It’s impossible to see the guards targeting the Latina inmates for panties in favor of the white ones who are doing the same thing and not be reminded of “Stop and Frisk”; to watch the “romantic” relationship between Pennsatucky and C.O. Coates without having to confront the fact that our society, steeped in patriarchy, has no real language of accountability for the men who rape women (Coates can’t even say the word “rape”); to observe Judy King in the relative bliss of protective custody and not be reminded of the countless high-profile celebrities whose fame and wealth isolates them from the harsh realities of everyday people; to witness Stratman’s cruel and unusual punishment of Blanca and not recall Abu Ghraib.
In the ways that Lolly and Suzanne provide comedic relief for the show, there are many more ways in which they show how serious living with mental illness is. We laugh because we’d like to think these women are in control of their bodies. It stops being funny when we realize they aren’t. This point is punctuated with the season’s two most heartbreaking plotlines: Burset’s solitary confinement and Poussey’s death. With every scene that features Burset in solitary, we get to see not only how Kalief Browder and Sandra Bland died but how the prisons that were supposed to ensure their safety killed them. Burset does everything in her power to escape solitary—floods the bathroom, starts a fire. The two most painful ways to die. Over and over she tells the guards she’s going to kill herself. Over and over they ignore her, leaving her to contemplate if life is worth living when death looks like the only way out.
Death becomes Poussey’s exit—from Litchfield and from the show. Her death had been especially tragic because her life had the most promise beyond the prison’s walls. Poussey’s father was a U.S. Army Major; her mother had a master’s in art history. Poussey herself was fluent in three languages and was supposed to go to West Point. Her only reason for even being in jail was for selling marijuana, a drug that’s rapidly being legalized across the U.S. She’s in a “post-racial” relationship and even asks Judy King for help with employment once she’s released. This is not the character you kill. Especially when considering her death mirrored, in its tragic escalation, the death of another fictional character, Bill Nunn’s Radio Raheem in Spike Lee’s 1989 classic, Do The Right Thing. More poignant still is how her death broke the fourth wall, connecting with Eric Garner’s, as well as Mike Brown’s.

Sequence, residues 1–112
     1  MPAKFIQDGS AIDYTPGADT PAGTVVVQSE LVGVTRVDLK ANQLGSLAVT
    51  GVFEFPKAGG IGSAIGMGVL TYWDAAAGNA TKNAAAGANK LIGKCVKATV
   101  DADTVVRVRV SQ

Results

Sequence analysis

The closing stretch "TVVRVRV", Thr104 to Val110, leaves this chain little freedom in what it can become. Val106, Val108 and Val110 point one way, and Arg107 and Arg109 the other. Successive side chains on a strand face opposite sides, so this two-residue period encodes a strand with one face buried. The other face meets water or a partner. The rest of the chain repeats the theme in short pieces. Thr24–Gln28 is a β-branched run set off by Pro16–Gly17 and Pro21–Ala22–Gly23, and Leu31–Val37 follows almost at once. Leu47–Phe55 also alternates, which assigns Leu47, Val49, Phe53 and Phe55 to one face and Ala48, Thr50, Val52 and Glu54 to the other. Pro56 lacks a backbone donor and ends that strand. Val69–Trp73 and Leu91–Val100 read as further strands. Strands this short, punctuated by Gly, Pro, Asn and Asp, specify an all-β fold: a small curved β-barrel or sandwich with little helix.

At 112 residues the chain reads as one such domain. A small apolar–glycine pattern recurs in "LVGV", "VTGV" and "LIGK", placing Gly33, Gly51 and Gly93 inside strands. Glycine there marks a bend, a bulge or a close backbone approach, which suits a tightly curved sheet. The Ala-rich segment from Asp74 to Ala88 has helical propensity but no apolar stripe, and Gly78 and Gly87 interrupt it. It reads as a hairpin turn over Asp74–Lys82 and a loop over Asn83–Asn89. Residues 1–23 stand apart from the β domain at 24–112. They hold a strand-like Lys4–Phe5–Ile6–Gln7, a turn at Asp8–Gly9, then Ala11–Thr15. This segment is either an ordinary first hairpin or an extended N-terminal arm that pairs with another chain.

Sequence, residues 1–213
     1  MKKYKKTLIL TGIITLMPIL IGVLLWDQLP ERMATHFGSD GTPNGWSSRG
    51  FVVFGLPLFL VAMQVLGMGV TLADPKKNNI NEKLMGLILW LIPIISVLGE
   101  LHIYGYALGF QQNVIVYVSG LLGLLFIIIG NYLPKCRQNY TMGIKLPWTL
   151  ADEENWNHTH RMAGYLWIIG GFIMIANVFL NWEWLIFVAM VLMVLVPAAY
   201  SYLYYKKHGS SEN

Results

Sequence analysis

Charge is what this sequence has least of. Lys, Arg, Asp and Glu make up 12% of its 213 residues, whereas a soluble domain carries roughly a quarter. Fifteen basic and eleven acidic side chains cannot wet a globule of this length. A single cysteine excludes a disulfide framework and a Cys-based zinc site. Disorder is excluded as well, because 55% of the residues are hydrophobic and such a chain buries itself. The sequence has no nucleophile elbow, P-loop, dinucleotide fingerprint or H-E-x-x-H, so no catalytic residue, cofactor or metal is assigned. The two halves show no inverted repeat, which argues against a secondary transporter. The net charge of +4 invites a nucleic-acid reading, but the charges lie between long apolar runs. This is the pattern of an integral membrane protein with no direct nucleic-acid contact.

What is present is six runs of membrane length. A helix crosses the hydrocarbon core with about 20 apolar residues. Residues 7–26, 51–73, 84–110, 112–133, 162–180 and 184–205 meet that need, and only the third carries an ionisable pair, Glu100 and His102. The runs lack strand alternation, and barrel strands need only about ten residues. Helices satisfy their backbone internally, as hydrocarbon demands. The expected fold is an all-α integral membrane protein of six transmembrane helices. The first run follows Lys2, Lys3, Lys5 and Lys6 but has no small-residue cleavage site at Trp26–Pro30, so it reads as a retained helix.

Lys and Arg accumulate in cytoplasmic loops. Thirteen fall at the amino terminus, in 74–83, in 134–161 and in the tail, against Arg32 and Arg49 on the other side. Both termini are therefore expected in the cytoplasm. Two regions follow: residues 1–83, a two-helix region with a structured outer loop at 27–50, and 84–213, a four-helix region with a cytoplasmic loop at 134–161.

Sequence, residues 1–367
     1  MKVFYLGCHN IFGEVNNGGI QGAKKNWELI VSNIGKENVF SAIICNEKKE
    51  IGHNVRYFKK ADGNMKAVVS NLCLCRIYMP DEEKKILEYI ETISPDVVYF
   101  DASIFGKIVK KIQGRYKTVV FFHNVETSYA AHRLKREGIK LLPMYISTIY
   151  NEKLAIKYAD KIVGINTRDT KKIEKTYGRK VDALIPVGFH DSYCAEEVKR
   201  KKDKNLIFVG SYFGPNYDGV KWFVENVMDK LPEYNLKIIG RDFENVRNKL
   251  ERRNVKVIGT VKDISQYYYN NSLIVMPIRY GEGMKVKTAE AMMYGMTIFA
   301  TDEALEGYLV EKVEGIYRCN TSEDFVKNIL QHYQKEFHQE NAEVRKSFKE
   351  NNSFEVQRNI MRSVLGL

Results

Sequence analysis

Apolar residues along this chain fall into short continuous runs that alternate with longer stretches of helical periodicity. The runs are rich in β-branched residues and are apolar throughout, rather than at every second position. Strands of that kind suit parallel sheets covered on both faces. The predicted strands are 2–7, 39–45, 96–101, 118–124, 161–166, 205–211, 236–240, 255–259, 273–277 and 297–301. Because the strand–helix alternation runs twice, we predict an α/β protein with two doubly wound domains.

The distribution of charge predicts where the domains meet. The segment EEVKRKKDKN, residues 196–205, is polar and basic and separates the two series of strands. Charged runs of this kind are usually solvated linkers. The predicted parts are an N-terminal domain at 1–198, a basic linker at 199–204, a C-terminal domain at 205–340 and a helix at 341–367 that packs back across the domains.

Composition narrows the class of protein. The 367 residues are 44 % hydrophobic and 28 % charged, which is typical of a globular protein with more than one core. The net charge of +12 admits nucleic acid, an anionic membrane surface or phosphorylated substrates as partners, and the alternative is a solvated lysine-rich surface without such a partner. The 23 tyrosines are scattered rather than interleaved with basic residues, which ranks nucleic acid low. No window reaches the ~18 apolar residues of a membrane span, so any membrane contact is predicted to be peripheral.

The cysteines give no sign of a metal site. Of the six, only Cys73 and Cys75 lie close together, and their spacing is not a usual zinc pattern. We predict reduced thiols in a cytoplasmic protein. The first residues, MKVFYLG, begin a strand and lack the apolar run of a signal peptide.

As I watched the publicity team at MCC desperately search for a narrative that would shift the blame from them onto anyone it would stick to, I wondered if that’s what took the paramedics so long to get Brown’s body from the simmering concrete. I wonder if Mike Brown’s body had lied there for four hours because that’s how long it took the Ferguson Police Department to craft the story they wanted to tell. Like Poussey, Brown wasn’t a person; he was a PR crisis. A Freudian slip. A little white lie. Nothing major. We can come back from this.
But, alas, there is no coming back from death. And because Orange Is the New Black is not a daytime soap opera, there will be no evil twins or doppelgängers. All we have is what her death tells us about our society. It tells us that the only tragic deaths are the ones we don’t see coming. I wonder if Poussey’s death would’ve been as heartbreaking, as tragic, as undoing, if her life hadn’t been so promising. If her father hadn’t been an army officer, if her mother was a crack whore, if she wasn’t as cultured and personable, if she wasn’t someone we could look at and say, “I like her; she can stay.”
Photos courtesy of Netflix